Kids have a ball running around out there and usually can’t resist slinging a little mud. Also, because of the abundance of calm, shallow water at the beach, skimboarders can be seen practicing their stunts nearly every time we go. Up on the beach near the trees and pilings, hammacks are usually out and the college set usually present, but families are there too. The hike to the beach is another easy one: maybe 1/4 of a mile down the trail, including some stairs. Locust is a must-play beach.
Details: No pass needed, limited street parking, no bathroom
Directions: Follow Holly Street to Marine Drive, continue 3 miles to just past Pack-a-Nut and turn left on Locust Ave. Park on the street and heed the parking signage. Walk under the railroad tracks and go right down the trail.
Larrabee Beach – Playing at the state park isn’t complete without a walk down to Larrabee Beach and Samish Bay. This is another very compact, kid-friendly hike to the beach. Are you sensing a theme? There is a play structure, grassy romping zone, amphitheater, tunnel, and beach with tide pools, all within a quarter mile of the parking lot.
Once you’re on the beach, there is usually a lot to see. The little cove is full of life. I’ve never been there and not seen a great blue heron hanging out on the rocks. The tide pools are full of tiny crabs and other discover-ables. And, there are, more often than not, kayakers putting in or arriving back. Rock-climbers can even be seen scaling the cliffs, using their ropes and harnesses.
If you want to do more than a simple trip to the beach, there are a lot of options. Many trails take off from Larrabee and there’s camping, fishing, crabbing, and clamming. It’s a hub of adventure!
Details: Discover Pass required – $10 for a day pass, $30 for an annual pass. Bathrooms, playground located on site.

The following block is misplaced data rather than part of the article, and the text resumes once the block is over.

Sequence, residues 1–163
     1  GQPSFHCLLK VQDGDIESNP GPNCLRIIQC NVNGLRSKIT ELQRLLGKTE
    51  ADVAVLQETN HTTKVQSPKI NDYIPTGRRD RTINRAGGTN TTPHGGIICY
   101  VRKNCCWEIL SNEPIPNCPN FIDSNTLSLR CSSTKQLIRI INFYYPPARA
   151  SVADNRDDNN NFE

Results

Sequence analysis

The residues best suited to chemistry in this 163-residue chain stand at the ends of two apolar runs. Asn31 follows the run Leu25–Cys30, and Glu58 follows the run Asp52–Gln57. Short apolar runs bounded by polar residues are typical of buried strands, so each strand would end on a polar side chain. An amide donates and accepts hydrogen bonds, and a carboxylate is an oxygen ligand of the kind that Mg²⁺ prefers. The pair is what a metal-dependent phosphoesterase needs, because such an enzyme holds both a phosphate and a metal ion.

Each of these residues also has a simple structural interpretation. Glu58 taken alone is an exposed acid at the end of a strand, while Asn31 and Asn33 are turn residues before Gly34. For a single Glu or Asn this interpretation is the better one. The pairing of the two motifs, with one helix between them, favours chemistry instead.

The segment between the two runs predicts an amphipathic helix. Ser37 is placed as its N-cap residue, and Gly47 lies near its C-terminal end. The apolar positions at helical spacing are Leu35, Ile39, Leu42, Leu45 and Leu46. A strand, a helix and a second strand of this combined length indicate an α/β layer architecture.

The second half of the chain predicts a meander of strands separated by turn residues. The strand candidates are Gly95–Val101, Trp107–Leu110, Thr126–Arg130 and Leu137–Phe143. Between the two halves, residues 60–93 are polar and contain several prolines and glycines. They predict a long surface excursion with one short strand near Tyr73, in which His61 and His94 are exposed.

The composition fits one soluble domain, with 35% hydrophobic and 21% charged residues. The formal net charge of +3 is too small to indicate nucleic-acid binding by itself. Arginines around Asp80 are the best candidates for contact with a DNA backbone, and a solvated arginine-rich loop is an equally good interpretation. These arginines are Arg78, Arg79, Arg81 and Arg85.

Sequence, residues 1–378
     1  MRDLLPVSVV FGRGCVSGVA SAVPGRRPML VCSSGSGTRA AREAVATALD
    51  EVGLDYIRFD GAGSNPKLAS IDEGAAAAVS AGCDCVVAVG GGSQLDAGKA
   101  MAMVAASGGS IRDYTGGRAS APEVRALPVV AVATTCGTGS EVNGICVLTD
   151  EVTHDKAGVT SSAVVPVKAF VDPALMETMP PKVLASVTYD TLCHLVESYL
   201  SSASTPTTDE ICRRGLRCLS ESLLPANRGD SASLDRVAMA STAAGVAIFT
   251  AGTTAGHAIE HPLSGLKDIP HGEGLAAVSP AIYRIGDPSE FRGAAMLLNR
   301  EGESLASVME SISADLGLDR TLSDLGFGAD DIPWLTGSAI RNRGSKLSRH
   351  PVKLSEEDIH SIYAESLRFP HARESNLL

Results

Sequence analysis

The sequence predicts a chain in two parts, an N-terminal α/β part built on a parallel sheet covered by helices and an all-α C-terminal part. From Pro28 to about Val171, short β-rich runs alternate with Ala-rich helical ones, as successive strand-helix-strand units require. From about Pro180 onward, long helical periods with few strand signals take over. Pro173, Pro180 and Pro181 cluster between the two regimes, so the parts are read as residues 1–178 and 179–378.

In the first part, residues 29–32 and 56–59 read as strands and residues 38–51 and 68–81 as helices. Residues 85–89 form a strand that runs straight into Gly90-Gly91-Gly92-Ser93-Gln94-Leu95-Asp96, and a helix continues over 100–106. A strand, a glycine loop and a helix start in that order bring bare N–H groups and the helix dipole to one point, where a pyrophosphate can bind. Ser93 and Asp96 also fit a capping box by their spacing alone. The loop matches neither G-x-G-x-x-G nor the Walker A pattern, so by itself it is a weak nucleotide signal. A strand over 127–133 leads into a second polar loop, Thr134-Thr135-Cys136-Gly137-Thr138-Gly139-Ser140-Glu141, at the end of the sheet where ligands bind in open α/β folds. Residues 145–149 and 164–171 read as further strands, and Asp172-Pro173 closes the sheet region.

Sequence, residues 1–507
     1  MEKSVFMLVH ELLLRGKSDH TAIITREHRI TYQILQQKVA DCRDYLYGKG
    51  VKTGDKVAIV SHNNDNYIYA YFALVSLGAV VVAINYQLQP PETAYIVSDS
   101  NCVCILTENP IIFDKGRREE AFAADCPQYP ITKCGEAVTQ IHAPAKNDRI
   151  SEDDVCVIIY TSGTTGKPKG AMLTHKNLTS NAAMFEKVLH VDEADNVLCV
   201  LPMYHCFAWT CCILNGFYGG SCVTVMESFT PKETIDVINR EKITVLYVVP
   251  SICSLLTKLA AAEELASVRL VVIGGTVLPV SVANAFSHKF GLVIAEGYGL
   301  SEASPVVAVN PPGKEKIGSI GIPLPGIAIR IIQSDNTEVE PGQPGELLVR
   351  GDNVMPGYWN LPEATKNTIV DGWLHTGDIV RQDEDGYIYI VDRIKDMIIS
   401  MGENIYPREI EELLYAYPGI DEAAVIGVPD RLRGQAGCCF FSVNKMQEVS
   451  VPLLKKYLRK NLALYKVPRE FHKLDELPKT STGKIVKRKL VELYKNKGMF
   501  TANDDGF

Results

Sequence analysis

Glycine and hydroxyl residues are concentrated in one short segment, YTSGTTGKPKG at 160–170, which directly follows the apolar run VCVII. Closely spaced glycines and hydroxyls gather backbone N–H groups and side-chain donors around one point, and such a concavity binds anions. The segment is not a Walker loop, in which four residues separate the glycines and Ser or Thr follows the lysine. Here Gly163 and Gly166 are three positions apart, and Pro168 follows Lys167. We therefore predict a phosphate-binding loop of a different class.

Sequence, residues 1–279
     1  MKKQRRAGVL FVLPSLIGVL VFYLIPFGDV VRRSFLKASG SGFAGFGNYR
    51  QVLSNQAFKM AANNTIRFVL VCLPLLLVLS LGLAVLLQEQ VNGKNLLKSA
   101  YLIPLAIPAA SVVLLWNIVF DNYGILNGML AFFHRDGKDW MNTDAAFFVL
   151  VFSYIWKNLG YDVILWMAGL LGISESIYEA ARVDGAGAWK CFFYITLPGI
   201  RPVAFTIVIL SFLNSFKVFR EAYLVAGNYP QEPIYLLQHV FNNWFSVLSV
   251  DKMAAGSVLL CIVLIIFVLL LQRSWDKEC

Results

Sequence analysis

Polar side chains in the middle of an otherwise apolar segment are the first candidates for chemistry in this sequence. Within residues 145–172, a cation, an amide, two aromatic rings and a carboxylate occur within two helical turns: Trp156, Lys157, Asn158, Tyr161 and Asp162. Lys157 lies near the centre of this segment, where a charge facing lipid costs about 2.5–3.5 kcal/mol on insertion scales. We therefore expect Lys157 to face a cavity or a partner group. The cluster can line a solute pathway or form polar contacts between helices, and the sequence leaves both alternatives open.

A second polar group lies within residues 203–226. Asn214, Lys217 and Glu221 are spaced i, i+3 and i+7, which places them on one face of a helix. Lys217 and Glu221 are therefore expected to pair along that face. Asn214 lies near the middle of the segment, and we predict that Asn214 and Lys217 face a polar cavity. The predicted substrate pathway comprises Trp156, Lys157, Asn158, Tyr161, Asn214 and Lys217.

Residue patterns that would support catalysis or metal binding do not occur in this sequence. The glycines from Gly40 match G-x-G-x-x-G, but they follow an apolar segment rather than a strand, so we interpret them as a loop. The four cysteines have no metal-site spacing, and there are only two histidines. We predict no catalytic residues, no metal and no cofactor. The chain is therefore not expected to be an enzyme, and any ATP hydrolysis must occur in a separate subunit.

Directions: Take Chuckanut Drive (Hwy 11) South about 9 miles from downtown Bellingham, and look for signs to Larrabee State Park.
Boulevard and Taylor Dock – This one might feel like a no-brainer to locals, but there are multiple small beaches around the docks that are a little more out of the way than the main attraction.
I like to go to the first beach (if coming from Fairhaven) that is kind of tucked under Taylor dock. It’s a small, quiet beach on Bellingham Bay with some outstanding sandstone climbing rocks, and a gorgeous view of Taylor Dock and the islands. It’s another easy walk, starting either from Taylor Dock parking area or Boulevard Park. We usually bring a couple buckets and shovels for digging, and a picnic.
If you’re feeling adventurous, it’s easy to continue down the dock to more beaches. There’s the large beach at Boulevard Park, or another small, less-popular, broken-up-shell covered beach toward the north end of the park. Note to parents: Always keep an eye out for the very-nearby railroad tracks.
Details: Free parking, bathrooms, coffee shop, playground.
Directions: Take State Street south from downtown Bellingham. Turn right on Bayview Drive. Take another quick left on State Street, continue onto 10th street and park near the Chrysalis Inn to access Taylor Dock.